Daily Bow: Two “Firsts” in Global Bridging Performances



Daily Bow LogoIt’s been quite a year with a number of incredible events, performances, new developments… and it doesn’t look like things are slowing at all!

On November 30th, the last day of the month, two performances occurred which marked important “firsts” in bridging different cultures, societies, and experiences together.

The first was a contemporary music concert held at the Butler School of Music at the University of Austin, Texas (which made our Daily Bow last week with the story on Classical Reinvention). The School of Music’s New Music Ensemble, directed by composer and conductor Dan Welcher, gave its third concert of the 2012-2013 season on November 30th. So what was so important about this third performance of the year?

The third concert of the 2012-2013 season (featured) a program of two works by young Chinese-American composers, a world premiere by a Turkish composer, and an established work by a U.S. composer living on the West Coast. Accordingly, this concert is called “An East-West Confluence.”

For many people, new music may still be a little bit of a sensitive subject. But, regardless of whether you enjoy listening to it, there is something to be said for music that is composed by those who are still living. Dan Welcher himself said, when asked of the importance of such a concert, that it is significant “because all of the composers are still alive” (with the noted exception of Ligeti).

Read the original articleNot-so classically speaking: New Music Ensemble highlights the work of contemporary composers. You can also learn more about the New Music Ensemble at the University of Austin, Texas: a 16-member core ensemble comprised of top musicians at the Butler School of Music.

The second story is about a dynamic chamber ensemble. For the first time ever, four young Korean classical musicians performed last Friday November 30th in Dar es Salaam, Tanzania.

The ensemble is the Kallaci String Quartet, visiting Tanzania on the invitation of their embassy to put on a concert in commemoration of two decades since the start of diplomatic relations between the Far East and Sub-Saharan countries. With their renditions of Niccolo Paganini’s String Quartet in A Minor, Joseph Haydn’s String Quartet in D Major, and Ludwig van Beethoven String Quartet No. 9 in C Major, the four musicians evoked excitement among local classical music lovers.

SHEER professionalism reared its head when the lights went out in the middle of the visiting Korean Kallaci String Quartet’s concert at the Serena Hotel in Dar es Salaam on Friday evening.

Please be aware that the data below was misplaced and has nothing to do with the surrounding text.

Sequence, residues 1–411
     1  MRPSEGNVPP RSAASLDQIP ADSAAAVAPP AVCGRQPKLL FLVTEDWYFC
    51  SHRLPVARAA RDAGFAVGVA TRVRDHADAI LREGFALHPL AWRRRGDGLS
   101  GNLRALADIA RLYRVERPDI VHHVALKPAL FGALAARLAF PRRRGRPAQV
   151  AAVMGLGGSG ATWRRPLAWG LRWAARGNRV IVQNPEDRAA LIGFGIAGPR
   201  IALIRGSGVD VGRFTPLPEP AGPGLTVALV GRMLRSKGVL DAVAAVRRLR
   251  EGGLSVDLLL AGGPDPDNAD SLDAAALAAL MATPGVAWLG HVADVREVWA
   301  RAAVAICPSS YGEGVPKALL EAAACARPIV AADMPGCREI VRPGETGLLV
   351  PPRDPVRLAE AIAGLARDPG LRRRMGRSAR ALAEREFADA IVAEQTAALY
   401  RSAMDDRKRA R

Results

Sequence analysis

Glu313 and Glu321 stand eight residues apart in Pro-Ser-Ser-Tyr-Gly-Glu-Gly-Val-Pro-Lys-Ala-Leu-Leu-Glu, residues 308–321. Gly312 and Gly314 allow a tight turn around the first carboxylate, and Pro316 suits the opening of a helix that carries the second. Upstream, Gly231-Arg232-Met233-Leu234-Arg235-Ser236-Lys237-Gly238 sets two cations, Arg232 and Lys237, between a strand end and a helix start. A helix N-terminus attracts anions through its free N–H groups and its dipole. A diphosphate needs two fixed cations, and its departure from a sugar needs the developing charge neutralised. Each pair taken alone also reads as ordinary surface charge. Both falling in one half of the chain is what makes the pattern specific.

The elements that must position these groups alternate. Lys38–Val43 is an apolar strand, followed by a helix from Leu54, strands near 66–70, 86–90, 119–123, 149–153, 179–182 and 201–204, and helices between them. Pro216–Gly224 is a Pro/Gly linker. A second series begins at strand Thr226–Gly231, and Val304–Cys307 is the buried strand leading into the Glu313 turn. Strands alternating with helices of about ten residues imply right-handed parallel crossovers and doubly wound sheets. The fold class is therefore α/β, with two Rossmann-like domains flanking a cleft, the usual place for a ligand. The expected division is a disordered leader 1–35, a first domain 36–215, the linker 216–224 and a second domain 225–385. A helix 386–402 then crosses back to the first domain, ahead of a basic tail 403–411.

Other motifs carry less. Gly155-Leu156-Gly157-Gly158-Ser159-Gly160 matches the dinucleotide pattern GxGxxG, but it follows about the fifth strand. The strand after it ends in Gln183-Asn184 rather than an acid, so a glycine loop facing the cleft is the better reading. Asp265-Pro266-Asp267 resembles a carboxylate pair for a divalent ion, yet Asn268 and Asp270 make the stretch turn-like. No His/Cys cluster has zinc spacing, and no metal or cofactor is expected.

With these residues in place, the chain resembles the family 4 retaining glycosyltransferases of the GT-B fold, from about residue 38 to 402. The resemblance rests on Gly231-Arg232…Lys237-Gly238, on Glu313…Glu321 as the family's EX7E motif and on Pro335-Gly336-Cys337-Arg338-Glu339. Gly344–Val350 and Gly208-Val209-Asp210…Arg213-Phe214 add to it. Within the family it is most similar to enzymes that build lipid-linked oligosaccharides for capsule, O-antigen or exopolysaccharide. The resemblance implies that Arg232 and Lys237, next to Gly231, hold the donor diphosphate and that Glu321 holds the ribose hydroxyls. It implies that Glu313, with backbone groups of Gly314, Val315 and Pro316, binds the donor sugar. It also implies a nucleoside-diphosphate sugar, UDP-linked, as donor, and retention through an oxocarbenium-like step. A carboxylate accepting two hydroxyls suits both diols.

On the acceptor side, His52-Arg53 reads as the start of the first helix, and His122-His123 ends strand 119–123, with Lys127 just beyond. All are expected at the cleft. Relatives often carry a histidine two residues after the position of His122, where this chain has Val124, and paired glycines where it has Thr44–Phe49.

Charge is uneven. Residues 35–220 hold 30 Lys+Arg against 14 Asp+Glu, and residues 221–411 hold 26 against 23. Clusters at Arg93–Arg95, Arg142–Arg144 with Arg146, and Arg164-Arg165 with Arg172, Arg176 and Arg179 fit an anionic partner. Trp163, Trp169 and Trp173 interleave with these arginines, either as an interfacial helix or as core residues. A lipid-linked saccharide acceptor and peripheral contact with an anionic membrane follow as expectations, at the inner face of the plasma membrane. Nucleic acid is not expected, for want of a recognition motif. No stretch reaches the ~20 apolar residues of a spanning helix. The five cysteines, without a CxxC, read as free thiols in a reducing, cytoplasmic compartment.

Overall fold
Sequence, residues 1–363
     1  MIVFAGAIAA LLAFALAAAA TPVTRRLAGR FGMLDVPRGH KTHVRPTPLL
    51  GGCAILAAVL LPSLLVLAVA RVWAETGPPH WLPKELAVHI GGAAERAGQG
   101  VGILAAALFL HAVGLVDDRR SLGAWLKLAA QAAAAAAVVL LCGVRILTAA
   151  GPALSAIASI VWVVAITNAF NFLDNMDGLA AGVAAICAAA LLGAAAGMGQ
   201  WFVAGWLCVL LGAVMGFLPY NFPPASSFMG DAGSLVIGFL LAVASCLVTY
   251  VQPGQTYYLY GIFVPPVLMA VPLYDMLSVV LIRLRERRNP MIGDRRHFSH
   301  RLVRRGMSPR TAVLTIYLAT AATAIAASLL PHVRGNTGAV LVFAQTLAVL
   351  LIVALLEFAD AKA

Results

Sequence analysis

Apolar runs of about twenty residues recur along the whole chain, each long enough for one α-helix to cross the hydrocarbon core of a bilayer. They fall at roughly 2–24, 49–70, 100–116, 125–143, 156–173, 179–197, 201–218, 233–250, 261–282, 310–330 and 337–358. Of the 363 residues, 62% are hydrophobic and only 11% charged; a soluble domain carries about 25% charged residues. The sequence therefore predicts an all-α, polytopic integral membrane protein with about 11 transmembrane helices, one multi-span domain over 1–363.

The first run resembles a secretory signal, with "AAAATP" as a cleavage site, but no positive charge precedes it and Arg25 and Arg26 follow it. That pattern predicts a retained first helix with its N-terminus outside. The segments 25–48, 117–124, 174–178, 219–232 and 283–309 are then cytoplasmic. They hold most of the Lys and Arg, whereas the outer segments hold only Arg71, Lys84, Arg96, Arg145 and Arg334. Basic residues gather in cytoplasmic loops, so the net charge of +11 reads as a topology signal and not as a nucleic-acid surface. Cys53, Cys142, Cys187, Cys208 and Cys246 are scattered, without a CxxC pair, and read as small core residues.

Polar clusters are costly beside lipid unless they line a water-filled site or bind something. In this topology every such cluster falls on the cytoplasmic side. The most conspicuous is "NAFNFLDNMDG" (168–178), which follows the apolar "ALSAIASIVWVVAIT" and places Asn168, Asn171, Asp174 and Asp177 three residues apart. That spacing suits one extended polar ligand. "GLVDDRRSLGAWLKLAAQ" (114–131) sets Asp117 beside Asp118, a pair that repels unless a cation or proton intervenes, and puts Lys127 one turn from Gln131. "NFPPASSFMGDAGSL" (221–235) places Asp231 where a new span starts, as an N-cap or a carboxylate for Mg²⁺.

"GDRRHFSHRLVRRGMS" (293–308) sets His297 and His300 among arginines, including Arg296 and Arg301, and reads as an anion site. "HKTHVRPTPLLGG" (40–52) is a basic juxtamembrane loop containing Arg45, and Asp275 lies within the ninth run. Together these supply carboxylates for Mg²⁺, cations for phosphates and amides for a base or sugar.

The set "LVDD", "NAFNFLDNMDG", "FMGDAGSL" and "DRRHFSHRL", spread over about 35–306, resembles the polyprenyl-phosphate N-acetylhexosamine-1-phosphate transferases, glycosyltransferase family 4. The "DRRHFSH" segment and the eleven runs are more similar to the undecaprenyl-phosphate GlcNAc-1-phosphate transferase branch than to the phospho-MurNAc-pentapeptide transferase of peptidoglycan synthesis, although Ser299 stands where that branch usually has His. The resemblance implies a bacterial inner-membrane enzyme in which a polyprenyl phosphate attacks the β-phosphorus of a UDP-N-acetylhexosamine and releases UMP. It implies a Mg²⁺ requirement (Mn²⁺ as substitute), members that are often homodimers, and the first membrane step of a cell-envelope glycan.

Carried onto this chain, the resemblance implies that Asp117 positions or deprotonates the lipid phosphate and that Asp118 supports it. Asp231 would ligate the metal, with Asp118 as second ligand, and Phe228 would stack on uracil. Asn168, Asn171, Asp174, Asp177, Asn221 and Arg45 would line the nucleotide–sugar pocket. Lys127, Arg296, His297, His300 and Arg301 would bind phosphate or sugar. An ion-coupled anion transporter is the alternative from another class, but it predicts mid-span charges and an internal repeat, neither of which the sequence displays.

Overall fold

The violinist and group leader, Hyuk-Joo Kwun, admitted to the ‘Sunday News’ minutes after the concert that the first thought he had after being fully submerged in darkness was that this happens, so it was not a big problem. With reference to being plunged into sudden darkness, his colleague, the second violinist; Yoojin Jang said the audience remained quiet and really listening.

At that point they had just started the second movement, so she thought why at this point in the concert this had to happen. “We were surprised but we could memorise a bit and were able to repeat a passage. We were kind of waiting for the lights to come back. All-the-same, It was a nice experience, which we’ve never had before.

We were happy that we did not stop and could keep the concert going and people could concentrate on what was being played,” the viola player, Hanna Lee, chipped into the conversation. No wonder later on, before leaving them to go and rest in preparation for their Saturday flight out of Dar es Salaam, Hanna referred to the audience as being “a really nice” one.

The Kallaci String Quartet has been showing the world their music, having performed in the Democratic Republic of Congo (DRC) the previous Saturday. At home in Korea, these four are regarded as among the best young talented classical musicians, all with distinguished solo careers behind them. They formed their ensemble in March 2011.

Kallaci String Quartet Performance in Tanzania

Read the original articleDarkness didn’t stop Korean quartet playing. You can also learn more about the Kallaci String Quartet by visiting their Facebook Fan Page.




One Response to Daily Bow: Two “Firsts” in Global Bridging Performances

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